Electron Barrier Formation at the Organic-Back Contact Interface is the First Step in Thermal Degradation of Polymer Solar Cells

Handle URI:
http://hdl.handle.net/10754/598145
Title:
Electron Barrier Formation at the Organic-Back Contact Interface is the First Step in Thermal Degradation of Polymer Solar Cells
Authors:
Sachs-Quintana, I. T.; Heumüller, Thomas; Mateker, William R.; Orozco, Darian E.; Cheacharoen, Rongrong; Sweetnam, Sean; Brabec, Christoph J.; McGehee, Michael D.
Abstract:
Long-term stability of polymer solar cells is determined by many factors, one of which is thermal stability. Although many thermal stability studies occur far beyond the operating temperature of a solar cell which is almost always less than 65 °C, thermal degradation is studied at temperatures that the solar cell would encounter in real-world operating conditions. At these temperatures, movement of the polymer and fullerenes, along with adhesion of the polymer to the back contact, creates a barrier for electron extraction. The polymer barrier can be removed and the performance can be restored by peeling off the electrode and depositing a new one. X-ray photoelectron spectroscopy measurements reveal a larger amount of polymer adhered to electrodes peeled from aged devices than electrodes peeled from fresh devices. The degradation caused by hole-transporting polymer adhering to the electrode can be suppressed by using an inverted device where instead of electrons, holes are extracted at the back metal electrode. The problem can be ultimately eliminated by choosing a polymer with a high glass transition temperature. © 2014 WILEY-VCH Verlag GmbH & Co. KGaA, Weinheim.
Citation:
Sachs-Quintana IT, Heumüller T, Mateker WR, Orozco DE, Cheacharoen R, et al. (2014) Electron Barrier Formation at the Organic-Back Contact Interface is the First Step in Thermal Degradation of Polymer Solar Cells. Advanced Functional Materials 24: 3978–3985. Available: http://dx.doi.org/10.1002/adfm.201304166.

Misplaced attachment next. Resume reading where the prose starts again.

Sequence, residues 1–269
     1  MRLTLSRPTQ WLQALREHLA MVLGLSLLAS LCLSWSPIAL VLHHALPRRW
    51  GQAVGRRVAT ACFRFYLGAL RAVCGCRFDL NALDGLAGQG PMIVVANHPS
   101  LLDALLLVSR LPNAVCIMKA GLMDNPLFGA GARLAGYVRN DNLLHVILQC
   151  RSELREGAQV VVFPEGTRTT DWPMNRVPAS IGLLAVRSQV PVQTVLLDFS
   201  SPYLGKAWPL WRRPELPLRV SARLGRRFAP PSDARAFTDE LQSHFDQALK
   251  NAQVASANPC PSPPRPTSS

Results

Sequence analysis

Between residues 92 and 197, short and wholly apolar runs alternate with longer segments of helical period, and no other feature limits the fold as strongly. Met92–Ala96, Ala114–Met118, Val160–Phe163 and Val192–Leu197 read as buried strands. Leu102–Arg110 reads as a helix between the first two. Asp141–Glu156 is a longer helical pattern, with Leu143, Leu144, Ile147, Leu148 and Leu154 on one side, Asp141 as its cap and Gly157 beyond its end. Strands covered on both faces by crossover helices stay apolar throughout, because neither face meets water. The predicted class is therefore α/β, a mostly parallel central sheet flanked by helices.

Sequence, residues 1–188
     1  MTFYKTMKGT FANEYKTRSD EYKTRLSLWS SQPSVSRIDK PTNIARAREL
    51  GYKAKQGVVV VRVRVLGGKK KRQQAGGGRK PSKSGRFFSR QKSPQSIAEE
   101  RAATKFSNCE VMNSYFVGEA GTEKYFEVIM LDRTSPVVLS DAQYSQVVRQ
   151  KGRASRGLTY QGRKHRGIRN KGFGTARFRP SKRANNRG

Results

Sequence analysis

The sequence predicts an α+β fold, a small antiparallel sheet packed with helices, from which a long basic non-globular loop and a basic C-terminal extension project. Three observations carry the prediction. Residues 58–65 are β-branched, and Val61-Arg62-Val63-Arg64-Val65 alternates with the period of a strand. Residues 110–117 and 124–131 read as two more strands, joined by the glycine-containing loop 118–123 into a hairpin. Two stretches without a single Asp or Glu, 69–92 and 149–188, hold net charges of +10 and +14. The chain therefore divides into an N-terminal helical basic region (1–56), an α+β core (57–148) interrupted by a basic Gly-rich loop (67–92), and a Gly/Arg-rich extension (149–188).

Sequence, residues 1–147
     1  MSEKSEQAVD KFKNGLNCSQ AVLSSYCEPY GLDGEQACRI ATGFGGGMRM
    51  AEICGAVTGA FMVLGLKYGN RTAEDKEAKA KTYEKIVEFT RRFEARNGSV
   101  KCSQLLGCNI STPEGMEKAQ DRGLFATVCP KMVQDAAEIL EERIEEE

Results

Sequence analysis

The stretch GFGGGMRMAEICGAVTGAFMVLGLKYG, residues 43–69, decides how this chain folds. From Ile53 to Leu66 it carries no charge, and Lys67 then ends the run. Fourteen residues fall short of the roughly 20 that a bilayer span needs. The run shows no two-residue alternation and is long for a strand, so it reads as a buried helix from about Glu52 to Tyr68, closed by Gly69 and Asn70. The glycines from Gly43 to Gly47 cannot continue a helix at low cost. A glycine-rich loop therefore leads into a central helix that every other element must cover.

Publisher:
Wiley-Blackwell
Journal:
Advanced Functional Materials
KAUST Grant Number:
KUS-C1-015-21
Issue Date:
24-Mar-2014
DOI:
10.1002/adfm.201304166
Type:
Article
ISSN:
1616-301X
Sponsors:
The authors would like to acknowledge Koen Vandewal, and Chuck Hitzman for sharing their expertise on sub-bandgap EQE, and XPS, respectively. The authors would also like to thank Christine McGuiness at Plextronics for supplying ICBA and for her helpful discussions. TH gratefully acknowledges the "DAAD Doktorantenstipedium" and the SFB 953 "Synthetic Carbon Allotropes" This publication was based on work supported by the Center for Advanced Molecular Photovoltaics (CAMP) (Award No KUS-C1-015-21), made by King Abdullah University of Science and Technology (KAUST).
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Full metadata record

DC FieldValue Language
dc.contributor.authorSachs-Quintana, I. T.en
dc.contributor.authorHeumüller, Thomasen
dc.contributor.authorMateker, William R.en
dc.contributor.authorOrozco, Darian E.en
dc.contributor.authorCheacharoen, Rongrongen
dc.contributor.authorSweetnam, Seanen
dc.contributor.authorBrabec, Christoph J.en
dc.contributor.authorMcGehee, Michael D.en
dc.date.accessioned2016-02-25T13:13:32Zen
dc.date.available2016-02-25T13:13:32Zen